“This is a hill I want to die on.” Chuck Winder, Mike Moyle, and the ITD Building

As the Legislature rolls toward adjournment, one major bump in the road involves the former headquarters of the Idaho Transportation Department (ITD) on State St. House Speaker Mike Moyle and Senate President Pro Tempore Chuck Winder are at complete loggerheads over what the state should do with this abandoned site, sitting on 44 acres of the most prime real estate in Ada County.

Aerial image by TOK

This debate contains questions about the proper role of government, the sanctity of contracts, and long term political strategies. To understand the controversy, we must first understand the history:

BoiseDev has been following this issue for a long time. In 2021, it reported that ITD was considering selling the campus, as it was in the process of moving personnel and equipment to the newer campus on Chinden Blvd. The following year, after flooding damaged several floors of the old building, ITD announced a permanent move to the Chinden campus.

In May of 2023, BoiseDev reported that the State St. campus was on the market. According to the article, the City of Boise had been eyeing the property for several years, and had drawn up urban design concepts for a community of high density housing, mixed-use office and residential, and open spaces.

City of Boise plan via BoiseDev

In September of 2023, BoiseDev reported that the State of Idaho had accepted a bid by a group consisting of Hawkins Companies, Pacific Companies, and FJ Management. The following month, it found that the winning bid was approximately $52 million. The winning proposal included a plan for “developing the site consistent with the City of Boise’s Comprehensive Plan and vision for the subject property, including a diverse mix of retail, restaurant, grocery, hospitality, medium‐ and high‐density residential and affordable housing.”

According to members of the Joint Finance-Appropriations Committee (JFAC), when they convened last fall to begin preparing for the session they believed that a deal was done. The Idaho Capital Sun reported last November that members of JFAC toured the State St. campus and expressed their frustration at not being consulted regarding the sale. Even though selling the property would net the state $52 million, ITD and other agencies were planning to request more than $70 million to build a new headquarters at the Chinden campus.

Members also voiced concerns that it had become unfeasible to replace the asphalt testing site at the State St. campus.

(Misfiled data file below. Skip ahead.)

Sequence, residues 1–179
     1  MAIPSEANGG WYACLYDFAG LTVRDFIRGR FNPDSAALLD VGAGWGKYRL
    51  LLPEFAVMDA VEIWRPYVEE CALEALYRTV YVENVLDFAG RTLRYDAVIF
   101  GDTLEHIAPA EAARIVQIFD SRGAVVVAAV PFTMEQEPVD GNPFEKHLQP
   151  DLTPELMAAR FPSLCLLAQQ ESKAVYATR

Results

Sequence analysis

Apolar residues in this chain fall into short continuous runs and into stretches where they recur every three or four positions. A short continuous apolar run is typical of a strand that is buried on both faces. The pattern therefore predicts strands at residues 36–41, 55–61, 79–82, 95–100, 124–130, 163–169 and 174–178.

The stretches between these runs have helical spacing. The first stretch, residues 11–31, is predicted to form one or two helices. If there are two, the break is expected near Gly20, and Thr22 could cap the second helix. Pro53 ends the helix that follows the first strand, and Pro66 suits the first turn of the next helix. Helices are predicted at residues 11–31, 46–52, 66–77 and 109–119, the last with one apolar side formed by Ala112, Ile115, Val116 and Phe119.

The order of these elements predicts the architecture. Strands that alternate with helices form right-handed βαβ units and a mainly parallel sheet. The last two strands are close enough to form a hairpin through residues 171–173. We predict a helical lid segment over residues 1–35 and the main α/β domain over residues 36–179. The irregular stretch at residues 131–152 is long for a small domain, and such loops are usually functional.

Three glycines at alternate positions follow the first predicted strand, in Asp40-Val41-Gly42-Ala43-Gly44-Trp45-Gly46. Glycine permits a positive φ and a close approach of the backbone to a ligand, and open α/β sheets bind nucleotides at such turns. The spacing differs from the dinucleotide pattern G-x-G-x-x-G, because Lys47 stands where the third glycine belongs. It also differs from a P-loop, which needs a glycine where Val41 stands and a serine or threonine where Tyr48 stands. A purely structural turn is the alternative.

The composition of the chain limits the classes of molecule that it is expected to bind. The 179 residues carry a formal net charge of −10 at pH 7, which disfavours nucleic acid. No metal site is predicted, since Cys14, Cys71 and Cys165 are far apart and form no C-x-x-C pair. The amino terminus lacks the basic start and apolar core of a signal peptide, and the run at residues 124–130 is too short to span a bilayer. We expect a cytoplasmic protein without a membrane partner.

When the Legislature convened in January, lawmakers learned that the sale contract was not complete. Speaker Moyle and Rep. Britt Raybould backed a bill to change the administrative process used by the state to sell property. Moyle admitted that the purpose of the bill was to disrupt the pending sale. “Any time we’ve disposed of ground, around here, we’ve regretted it and now we’re trying to buy some of it back, and it costs way more than what we would have paid for it originally,” Moyle told BoiseDev in January.

H409 passed the House unanimously but has been stuck in the drawer of Senate State Affairs Chairman Jim Guthrie ever since. Sen. Chuck Winder, who sits on that committee, has been open about his opposition to Moyle’s attempts to disrupt the sale.

Last month, JFAC passed a budget that would stop the sale as well as appropriate $32 million to renovate the ITD building on State St. H723 passed the House by one vote, but was killed in the Senate 16-19 after contentious debate. Sen. Winder spoke against the bill on the floor:

“I totally disagree with this process, and somebody asked me if this is a hill you want to die on? This is a hill I want to die on, if I have to. I’m gonna fight this tooth and nail, because it is so far out of line.”

Why is this issue so important to Chuck Winder? Though he has been in politics for many years, his day job is in real estate. Perhaps he believes the integrity of the system is at stake if the Legislature unwinds the pending sale. Other senators pointed out that the contract was not complete, and that either side has the opportunity to back out at this point, but Sen. Todd Lakey argued that a handshake should still mean something.

One thing that’s clear is that a lot of money is at stake no matter what happens here. The developers stand to make a lot of money on this deal, and the City of Boise stands to rake in a lot of tax dollars that are currently not being paid on the property.

With the budget passing the House but failing in the Senate, the two chambers are at an impasse going into what could be the final week of the session.

Take a look at the vote tallies for H723 in the House and the Senate. Notice how this issue crosses the usual factional lines. Most Democrats voted against the budget, with some arguing that blocking the sale would impede more affordable housing in Boise. Some moderate Republicans voted against it as well. Members of the Idaho Freedom Caucus were also split.

Idaho Freedom Foundation rated the budget -5, however none of its concerns were about the potential sale of the State St. property.

A conservative case can be made that disrupting the sale interferes in the sanctity of contracts and trust in state government, as well as that the state should not be holding on to excess property anyway. On the other hand, a conservative case can be made that renovating the building is a better fiduciary use of tax dollars as well as that “affordable housing” often brings more government dependency to a community.

In any case, the Legislature is at an impasse. Will one or two representatives flip to support the sale? Or will two senators flip to oppose it? Will they gavel out without new appropriations for ITD entirely? (Doubtful). The only thing for sure is that there are still a few surprises left before the session ends.

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